Black looked at him. ‘We could send you and your ship back out there.’ They had kept Tharan’s small craft docked with Phoenix, an extra arrow in their quiver of options.
He winced. ‘We could, but your sensors are more powerful than mine. If I could have conducted a full tactical analysis of this depot, I would.’
‘All I need is time,’ said West. ‘There are a multitude of options.’
‘Every second we sit here,’ said Black with a grimace, ‘is a second the Romulans might find us. If I were them, I’d have a patrol checking out blind spots in the system in case of someone doing exactly what we’re doing.’
Hawthorne sighed. ‘It’s time for us to test the upgrades I installed on our probes, isn’t it.’ Everyone fell silent to stare at him, and he shrugged. ‘I didn’t think it would be our first choice, because we won’t be able to remotely control the probes through the magnetic field. But we can send one on an orbit of this Class-I and retrieve the sensor data when it comes back.’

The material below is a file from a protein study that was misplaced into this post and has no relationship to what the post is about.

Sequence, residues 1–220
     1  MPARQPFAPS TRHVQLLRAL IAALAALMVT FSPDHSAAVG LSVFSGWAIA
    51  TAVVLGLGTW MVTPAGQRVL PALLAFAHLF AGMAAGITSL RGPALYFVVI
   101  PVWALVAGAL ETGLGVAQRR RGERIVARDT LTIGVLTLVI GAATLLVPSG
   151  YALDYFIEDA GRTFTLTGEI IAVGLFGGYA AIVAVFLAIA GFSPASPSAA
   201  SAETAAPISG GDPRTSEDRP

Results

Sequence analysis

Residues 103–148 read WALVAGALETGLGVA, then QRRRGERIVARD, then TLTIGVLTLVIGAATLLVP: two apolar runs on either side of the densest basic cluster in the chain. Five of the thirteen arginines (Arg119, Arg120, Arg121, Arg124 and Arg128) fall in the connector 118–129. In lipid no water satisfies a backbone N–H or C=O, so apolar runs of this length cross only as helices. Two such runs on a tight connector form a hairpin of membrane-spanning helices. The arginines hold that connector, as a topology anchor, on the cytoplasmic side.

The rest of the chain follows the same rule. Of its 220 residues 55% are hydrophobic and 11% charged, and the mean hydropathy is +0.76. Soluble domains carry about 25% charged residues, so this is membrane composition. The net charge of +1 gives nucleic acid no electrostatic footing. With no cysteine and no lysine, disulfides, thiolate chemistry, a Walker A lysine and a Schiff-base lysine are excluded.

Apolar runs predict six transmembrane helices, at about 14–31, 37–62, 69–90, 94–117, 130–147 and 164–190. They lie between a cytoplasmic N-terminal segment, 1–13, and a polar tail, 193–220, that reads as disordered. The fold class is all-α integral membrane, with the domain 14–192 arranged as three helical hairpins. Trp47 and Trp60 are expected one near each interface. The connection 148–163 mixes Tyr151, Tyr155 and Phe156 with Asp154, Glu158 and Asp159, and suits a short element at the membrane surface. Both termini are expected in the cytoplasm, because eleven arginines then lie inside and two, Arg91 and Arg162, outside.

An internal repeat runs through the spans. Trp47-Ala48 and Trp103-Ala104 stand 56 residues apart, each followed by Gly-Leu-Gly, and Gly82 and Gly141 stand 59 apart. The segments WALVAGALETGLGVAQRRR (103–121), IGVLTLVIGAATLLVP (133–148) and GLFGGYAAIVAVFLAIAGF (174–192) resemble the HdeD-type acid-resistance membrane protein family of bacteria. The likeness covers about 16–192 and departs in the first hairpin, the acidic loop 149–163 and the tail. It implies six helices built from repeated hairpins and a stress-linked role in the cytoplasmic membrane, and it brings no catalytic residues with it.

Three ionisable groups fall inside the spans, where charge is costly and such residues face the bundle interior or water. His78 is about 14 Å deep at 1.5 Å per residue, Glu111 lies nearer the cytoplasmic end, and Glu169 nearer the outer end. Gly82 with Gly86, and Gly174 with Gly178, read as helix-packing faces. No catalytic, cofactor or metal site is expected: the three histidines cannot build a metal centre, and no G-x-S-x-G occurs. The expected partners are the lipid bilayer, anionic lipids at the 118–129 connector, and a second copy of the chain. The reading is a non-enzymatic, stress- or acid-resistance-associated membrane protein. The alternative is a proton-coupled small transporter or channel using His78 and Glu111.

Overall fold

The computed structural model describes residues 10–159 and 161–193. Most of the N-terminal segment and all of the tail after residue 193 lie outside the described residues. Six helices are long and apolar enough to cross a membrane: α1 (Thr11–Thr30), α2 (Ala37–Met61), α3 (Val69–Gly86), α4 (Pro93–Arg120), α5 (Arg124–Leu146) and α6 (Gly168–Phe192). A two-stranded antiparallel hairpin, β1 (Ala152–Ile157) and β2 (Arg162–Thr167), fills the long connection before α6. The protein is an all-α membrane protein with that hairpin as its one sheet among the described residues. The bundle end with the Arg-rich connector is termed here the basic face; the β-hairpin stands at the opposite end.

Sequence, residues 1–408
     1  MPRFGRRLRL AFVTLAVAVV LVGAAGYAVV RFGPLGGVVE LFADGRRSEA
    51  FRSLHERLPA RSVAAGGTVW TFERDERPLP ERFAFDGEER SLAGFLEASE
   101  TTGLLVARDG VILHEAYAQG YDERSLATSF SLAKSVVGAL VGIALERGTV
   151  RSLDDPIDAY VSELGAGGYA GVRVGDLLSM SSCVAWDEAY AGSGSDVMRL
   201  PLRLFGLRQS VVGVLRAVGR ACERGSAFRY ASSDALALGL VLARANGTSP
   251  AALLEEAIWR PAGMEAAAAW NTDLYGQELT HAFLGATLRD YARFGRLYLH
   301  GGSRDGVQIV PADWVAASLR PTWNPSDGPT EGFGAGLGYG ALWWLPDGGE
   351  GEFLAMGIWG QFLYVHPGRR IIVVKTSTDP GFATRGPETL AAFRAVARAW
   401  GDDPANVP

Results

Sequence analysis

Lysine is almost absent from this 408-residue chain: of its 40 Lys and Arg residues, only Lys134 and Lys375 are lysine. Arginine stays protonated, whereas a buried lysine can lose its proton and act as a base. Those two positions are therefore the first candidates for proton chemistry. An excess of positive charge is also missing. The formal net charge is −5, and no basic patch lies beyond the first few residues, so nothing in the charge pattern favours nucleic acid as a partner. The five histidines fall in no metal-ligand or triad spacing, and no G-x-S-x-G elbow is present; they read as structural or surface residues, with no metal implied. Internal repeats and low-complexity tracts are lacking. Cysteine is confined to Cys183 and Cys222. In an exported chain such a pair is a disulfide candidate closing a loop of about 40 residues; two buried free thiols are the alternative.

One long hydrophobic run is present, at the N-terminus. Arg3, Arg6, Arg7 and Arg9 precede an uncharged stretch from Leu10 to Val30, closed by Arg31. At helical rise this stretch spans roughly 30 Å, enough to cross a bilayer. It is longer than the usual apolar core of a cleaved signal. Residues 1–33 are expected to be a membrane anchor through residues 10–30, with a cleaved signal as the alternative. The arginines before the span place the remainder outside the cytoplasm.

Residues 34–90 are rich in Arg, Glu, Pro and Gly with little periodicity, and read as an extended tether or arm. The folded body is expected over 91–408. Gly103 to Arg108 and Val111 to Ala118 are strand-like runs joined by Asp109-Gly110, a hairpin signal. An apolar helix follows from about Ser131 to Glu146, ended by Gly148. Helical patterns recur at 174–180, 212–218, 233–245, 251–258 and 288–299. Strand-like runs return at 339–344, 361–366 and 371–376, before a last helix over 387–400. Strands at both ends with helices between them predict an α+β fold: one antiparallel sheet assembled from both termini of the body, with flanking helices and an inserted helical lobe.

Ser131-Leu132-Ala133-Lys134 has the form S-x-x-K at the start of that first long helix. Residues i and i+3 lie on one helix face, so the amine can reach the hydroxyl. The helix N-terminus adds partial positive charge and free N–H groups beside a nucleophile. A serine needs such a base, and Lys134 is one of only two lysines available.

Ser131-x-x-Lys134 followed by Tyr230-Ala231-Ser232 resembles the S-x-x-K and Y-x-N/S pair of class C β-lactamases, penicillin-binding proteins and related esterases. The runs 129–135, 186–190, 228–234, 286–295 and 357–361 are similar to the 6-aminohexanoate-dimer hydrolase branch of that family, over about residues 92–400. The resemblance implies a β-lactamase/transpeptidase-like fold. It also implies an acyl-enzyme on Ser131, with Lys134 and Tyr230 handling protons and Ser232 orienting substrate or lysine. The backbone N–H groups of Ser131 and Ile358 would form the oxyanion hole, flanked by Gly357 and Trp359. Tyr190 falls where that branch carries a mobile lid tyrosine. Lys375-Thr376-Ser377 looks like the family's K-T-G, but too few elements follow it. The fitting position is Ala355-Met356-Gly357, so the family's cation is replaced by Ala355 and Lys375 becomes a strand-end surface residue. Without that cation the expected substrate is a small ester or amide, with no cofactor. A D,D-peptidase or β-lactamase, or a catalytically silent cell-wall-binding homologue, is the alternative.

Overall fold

West gave him a somewhat resentful look. ‘That’s not a massive improvement on the issue of distance.’
‘Then we move it closer,’ Hawthorne said simply. ‘It has thrusters.’
‘Whose energy emissions might be picked up by the Romulans,’ said Black.
But West’s expression was shifting as he contemplated this. ‘Only if it’s entirely moving under its own power, out and back. What if we use the gravity of the fifth planet? Program a course to head out there, do an orbit of the fifth planet, kick in thrusters only enough to then break orbit and send itself on a return trip. That’ll keep power emissions to a minimum, and the probe isn’t very big.’
Hawthorne nodded approvingly. West was a meathead, but Hawthorne knew good ideas when he heard them. ‘It’s still safest for it to not transmit its sensor readings back; we’ll pick them up once it returns. So if something goes wrong, we won’t have any idea if it’s the Romulans or our error.’